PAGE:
How to focus CPD on a seldom used activity

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From 1st October last year firms who undertake insurance activities in relation to insurance based products (IBIPs) which include bonds, pure protection, general insurance activities, as well as insured pension contracts are, under FCA Requirements, required to include in their T&C Scheme the need to undertake a minimum of fifteen hours professional training or development per year for insurance based products. The scope includes all staff involved in insurance distribution such as advisers, supervisors, and also the person responsible for insurance intermediation. This can be either structured or unstructured CPD, and this can be incorporated within the annual CPD requirement of thirty-five hours. This is often referred to this as IDD CPD.

Fine, you might think, not an additional amount of CPD required, just a change in what the CPD requirements should cover. But that change might not be as easy to convey as you might think, or indeed, have discovered when trying to implement the change.

Probably a lot depends on a firms’ core business activities. A firm that has holistic financial planning at the heart of its business may find it quite easy to document CPD in relation to insurance based products, because it’s likely that those in the T&C Scheme will naturally cover this. But a firm who operates primarily as a wealth manager, concentrating on accumulating funds under management, is less likely to include insurance based products, other than pension contracts in the individual CPD activities, and it’s more likely that individuals would naturally attend investment-related seminars and workshops rather than those related to a seldom-used activity.

The point is to encourage the refreshment of past knowledge that may not have been used for some time in practice, or provide new knowledge, and not to just tick boxes.

Whilst an individual is responsible for their own CPD activities and records, any T&C Scheme, especially those that include CPD as a Key Performance Indicator, should monitor the individuals CPD and assist where necessary in acquiring and documenting the appropriate level and scope of CPD. Left to their own devices it’s quite likely that there will be individuals who won’t undertake activities relating to the new requirements, just as many of us who run T&C Schemes will acknowledge that sometimes whilst the CPD may have been undertaken, the physical recording of it is a “challenge” for some individuals.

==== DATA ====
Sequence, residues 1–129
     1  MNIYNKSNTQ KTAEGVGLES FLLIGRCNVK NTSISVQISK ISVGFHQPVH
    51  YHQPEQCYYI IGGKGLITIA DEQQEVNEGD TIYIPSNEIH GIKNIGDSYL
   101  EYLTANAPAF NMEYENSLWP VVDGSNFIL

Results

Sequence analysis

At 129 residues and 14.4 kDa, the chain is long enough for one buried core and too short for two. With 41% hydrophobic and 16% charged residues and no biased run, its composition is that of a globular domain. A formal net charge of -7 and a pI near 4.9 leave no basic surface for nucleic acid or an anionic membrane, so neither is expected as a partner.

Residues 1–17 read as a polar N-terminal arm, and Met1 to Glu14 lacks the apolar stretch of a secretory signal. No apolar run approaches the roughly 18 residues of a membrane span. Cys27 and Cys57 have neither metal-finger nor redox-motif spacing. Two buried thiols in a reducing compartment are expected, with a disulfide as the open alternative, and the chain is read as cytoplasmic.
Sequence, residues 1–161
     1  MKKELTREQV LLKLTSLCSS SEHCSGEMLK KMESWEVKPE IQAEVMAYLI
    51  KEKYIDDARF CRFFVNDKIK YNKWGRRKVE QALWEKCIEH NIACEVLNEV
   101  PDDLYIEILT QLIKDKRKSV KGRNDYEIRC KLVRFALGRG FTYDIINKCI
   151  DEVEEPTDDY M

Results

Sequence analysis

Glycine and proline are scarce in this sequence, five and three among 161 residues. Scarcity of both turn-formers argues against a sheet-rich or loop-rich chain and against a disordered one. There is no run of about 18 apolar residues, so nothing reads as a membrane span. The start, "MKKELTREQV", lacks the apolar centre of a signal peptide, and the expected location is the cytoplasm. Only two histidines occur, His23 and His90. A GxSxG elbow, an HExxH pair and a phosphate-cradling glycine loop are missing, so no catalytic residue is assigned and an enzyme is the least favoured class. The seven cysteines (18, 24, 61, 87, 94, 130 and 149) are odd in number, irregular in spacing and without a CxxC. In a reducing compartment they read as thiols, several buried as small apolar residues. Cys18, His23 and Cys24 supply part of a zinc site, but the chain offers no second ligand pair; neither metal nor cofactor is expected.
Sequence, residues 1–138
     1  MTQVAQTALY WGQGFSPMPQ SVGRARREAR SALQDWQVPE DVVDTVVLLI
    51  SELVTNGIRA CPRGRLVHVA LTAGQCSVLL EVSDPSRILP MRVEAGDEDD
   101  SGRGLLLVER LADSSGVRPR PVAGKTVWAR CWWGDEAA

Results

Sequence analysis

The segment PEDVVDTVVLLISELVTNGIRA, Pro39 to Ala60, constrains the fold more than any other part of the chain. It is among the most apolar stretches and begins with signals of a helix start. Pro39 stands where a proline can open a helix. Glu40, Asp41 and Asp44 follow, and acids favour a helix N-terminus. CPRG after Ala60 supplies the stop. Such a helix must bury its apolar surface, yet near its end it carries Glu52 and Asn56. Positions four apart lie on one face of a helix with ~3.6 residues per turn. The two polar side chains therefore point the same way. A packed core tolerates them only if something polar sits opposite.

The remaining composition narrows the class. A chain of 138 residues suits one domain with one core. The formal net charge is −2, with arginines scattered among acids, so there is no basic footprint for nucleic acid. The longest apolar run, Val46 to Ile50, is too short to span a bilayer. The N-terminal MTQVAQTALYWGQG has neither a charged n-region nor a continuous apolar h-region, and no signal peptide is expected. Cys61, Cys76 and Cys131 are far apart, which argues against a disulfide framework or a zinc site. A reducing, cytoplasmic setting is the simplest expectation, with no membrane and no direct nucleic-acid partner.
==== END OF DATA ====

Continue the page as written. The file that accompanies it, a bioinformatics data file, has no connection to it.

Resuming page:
So, if we run the T&C Scheme for a firm whose core business is that of a wealth manager, how do we get individuals within the scheme whose primary focus is on investment, to undertake IDD CPD? There’s probably two options: One would be to go down the “tell” route, but you might question whether that is an appropriate route given that the individuals are responsible for their own CPD? And if the firm has individuals who are not directly employed, this probably couldn’t be enforced anyway.

A better route would be to “encourage” the undertaking of IDD CPD. Consider, as a suggestion, that at the beginning of each calendar month all members of the T&C Scheme are provided with CPD “activity” relating to the required professional training or development. This could be in the form of a sourced test that is then scored and any areas needing development as identified could be covered in a training or coaching session, either by individual or perhaps as a group. Related articles could be extracted from the various industry news feeds and passed out for reading, with confirmation that it has been read by each individual. Why not invite a provider into the firms’ office to provide a presentation on one of the products in scope, or perhaps locate a video that does something similar? Also, there is nothing wrong either with encouraging individuals to study for and pass exams that count specifically towards IDD CPD. Even better is not to make these tasks compulsory. The point is to encourage the refreshment of past knowledge that may not have been used for some time in practice, or provide new knowledge, and not to just tick boxes.

Monitoring will be very important because this will indicate how successful or otherwise the encouragement has been in terms of engagement and action. It will also provide a means of checking against individual CPD Statements. A point worth noting here is that this being a relatively new requirement the chances of individuals specifically designating CPD as IDD when they record their CPD is probably quite low and thus there may be a need to be ask for amendments to entries in their CPD log for clarity.

Finally, what if the take up of the offered CPD activities is low or there comes a point in their CPD year where individuals are unlikely to achieve the required fifteen hours? You may wish to consider a training day where any deficit could be made up by attendance and participation. Ideally this should only be there as a back-up, and not used as a last resort, although hopefully this won’t not be needed if we can encourage individuals into being sufficiently “motivated” into accepting that by undertaking the monthly CPD tasks as issued, even if it’s unlikely that they will use the knowledge on a regular basis.

 

 

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About Author

I am a highly-versatile and forward thinking management professional with a history of successful delivery across more than thirty years’ in the Financial Services Industry. Core skills include assessing, training, coaching, process design and implementation, specialising in people, processes, and procedures within a Training & Competence or Learning & Development framework. Periodic writer for T-C News.com

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